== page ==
World Trade Organization Anti Dumping Agreement

World Trade Organization Anti Dumping Agreement

Since a dumping survey requires a comparison between the export price of a product and its normal value in the exporting country, the AD agreement establishes rules for calculating the export price and the normal value. He then explains how a “fair comparison” is made between the two. The government conducting an anti-dumping investigation uses this fair comparison to determine the “dumping margin.” The 1994 GATT contains a number of fundamental principles that apply to trade among WTO members, including the principle of the most favoured nation. It also requires that imported goods not be subject to internal taxes or other modifications beyond imported goods for domestic goods, and that imported goods not be treated less favourably than domestic products in other respects, as well as rules on quantitative restrictions, royalties and customs procedures related to import and assessment of duties. WTO members also approved a timetable for related tariffs. On the other hand, Article VI of the 1994 GATT expressly authorizes the establishment of a specific anti-dumping duty on imports from a given source exceeding the fixed rates, in cases where dumping harms or harms a domestic industry or significantly delays the creation of a domestic industry. The agreement on the implementation of Article VI of the 1994 GATT, commonly known as the Anti-Dumping Agreement, provides for the further development of the basic principles set out in Article VI itself, in order to regulate the investigation, fixation and application of anti-dumping duties. Article 1 of the AD Agreement establishes the fundamental principle that a member cannot impose an anti-dumping measure unless he finds, as a result of an investigation conducted pursuant to the provisions of the AD agreement, that there are dumping imports, significant harm to a domestic industry and a causal link between dumped imports and prejudice. In the particular situation of economies where the government has a total or essentially complete commercial monopoly and where all domestic prices are set by the State, the 1994 GATT and the agreement recognize that a close comparison with domestic market prices may not be appropriate. As a result, importing countries exerted considerable discretion in calculating the normal value of exported products from non-market economies. Legal definitions are more precise, but overall, the WTO agreement allows governments to combat dumping in the event of actual (substantial) harm to competing domestic industry. To do so, the government must be able to demonstrate dumping, calculate the extent of dumping (how much the export price is below the exporters` real estate prices) and demonstrate that dumping causes harm or threatens to do so.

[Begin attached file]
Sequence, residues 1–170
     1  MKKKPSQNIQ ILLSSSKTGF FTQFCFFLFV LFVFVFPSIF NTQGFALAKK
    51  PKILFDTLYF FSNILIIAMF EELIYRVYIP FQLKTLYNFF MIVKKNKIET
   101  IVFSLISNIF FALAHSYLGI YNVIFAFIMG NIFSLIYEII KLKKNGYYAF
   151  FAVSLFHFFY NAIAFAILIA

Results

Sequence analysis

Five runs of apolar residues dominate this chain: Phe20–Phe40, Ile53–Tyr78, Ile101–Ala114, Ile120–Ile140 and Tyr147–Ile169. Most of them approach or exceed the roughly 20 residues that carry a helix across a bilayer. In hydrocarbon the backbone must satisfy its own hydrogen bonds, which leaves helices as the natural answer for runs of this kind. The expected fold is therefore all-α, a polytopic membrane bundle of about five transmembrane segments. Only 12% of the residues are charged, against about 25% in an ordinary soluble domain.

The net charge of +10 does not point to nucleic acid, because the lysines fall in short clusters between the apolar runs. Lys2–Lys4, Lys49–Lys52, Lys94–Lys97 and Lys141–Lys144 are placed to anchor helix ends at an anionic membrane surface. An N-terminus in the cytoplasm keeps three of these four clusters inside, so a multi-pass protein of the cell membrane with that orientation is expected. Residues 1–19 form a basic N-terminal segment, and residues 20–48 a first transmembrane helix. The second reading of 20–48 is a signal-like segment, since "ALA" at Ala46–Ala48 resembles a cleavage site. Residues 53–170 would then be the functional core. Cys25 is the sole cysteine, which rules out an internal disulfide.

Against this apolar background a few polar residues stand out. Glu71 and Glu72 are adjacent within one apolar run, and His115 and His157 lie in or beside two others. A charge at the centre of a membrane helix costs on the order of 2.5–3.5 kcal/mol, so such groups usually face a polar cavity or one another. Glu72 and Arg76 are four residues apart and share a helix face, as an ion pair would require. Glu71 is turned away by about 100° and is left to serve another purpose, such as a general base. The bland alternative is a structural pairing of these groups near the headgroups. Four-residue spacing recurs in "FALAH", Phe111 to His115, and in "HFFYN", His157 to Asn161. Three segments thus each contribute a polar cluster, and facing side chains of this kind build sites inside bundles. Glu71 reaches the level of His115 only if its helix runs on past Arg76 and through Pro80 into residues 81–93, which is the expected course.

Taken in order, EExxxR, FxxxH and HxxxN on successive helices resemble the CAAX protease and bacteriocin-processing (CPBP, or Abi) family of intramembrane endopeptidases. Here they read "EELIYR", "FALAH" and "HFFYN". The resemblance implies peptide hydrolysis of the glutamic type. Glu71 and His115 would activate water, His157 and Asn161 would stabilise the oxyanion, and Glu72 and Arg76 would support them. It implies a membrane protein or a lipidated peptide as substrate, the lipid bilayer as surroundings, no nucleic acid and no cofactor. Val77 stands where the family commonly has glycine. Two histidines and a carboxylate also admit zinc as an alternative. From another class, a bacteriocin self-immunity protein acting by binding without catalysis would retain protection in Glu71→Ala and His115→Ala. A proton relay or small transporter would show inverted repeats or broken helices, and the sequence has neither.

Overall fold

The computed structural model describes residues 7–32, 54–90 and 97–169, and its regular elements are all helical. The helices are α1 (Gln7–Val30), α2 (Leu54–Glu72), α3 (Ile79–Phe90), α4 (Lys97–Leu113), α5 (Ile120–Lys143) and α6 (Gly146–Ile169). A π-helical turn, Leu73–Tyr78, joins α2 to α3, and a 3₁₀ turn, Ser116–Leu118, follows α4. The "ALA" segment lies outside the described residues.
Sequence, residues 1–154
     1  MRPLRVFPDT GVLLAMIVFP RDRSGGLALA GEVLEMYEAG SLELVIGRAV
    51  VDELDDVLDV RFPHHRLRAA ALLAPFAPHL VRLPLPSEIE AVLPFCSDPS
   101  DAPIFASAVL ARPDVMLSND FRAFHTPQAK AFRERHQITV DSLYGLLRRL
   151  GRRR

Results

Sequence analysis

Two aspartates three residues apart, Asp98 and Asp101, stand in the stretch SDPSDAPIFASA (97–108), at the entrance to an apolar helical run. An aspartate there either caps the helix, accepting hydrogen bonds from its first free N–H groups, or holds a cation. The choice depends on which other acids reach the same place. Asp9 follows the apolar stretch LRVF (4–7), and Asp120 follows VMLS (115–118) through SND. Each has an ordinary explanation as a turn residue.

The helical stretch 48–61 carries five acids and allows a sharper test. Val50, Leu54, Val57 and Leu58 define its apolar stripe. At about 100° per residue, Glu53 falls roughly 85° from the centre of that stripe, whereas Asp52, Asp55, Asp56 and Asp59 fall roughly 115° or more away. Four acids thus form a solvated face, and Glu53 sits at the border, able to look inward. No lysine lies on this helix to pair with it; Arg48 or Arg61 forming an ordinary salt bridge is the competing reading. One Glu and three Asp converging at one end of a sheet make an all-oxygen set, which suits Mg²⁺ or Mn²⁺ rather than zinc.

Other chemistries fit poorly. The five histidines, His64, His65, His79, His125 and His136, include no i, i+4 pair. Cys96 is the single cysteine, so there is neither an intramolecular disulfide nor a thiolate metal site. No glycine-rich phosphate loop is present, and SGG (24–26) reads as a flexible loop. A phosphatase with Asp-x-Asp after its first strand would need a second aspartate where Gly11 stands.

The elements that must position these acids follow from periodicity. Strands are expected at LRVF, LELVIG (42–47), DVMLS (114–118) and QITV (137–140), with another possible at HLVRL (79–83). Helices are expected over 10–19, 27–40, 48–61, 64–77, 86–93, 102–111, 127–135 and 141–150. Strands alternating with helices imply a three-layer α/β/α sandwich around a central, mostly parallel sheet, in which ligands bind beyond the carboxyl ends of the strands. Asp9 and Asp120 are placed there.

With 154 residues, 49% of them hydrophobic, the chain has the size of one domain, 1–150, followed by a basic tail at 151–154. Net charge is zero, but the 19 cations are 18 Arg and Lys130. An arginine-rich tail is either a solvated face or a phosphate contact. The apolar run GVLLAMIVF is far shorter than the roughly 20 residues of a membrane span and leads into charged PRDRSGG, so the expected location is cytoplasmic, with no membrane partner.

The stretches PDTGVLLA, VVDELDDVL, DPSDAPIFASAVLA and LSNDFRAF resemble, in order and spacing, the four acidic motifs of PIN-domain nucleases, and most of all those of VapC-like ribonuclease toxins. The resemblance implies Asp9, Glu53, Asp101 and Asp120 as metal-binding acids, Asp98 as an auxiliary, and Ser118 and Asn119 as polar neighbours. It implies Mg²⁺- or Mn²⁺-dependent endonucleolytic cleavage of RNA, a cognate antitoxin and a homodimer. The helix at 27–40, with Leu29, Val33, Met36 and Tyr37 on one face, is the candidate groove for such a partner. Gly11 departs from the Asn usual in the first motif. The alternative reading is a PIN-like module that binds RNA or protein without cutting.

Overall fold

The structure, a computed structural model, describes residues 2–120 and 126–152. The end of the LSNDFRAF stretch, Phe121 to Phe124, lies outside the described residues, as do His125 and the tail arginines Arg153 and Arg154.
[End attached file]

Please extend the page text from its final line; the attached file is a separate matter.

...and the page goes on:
8.1 Procedures may be suspended or suspended (19) in the absence of interim measures or anti-dumping duties if each exporter has agreed to satisfactory voluntary commitments to change its prices or stop exports to the region at dumping prices, so that the authorities are confident that the adverse effects of dumping will be eliminated.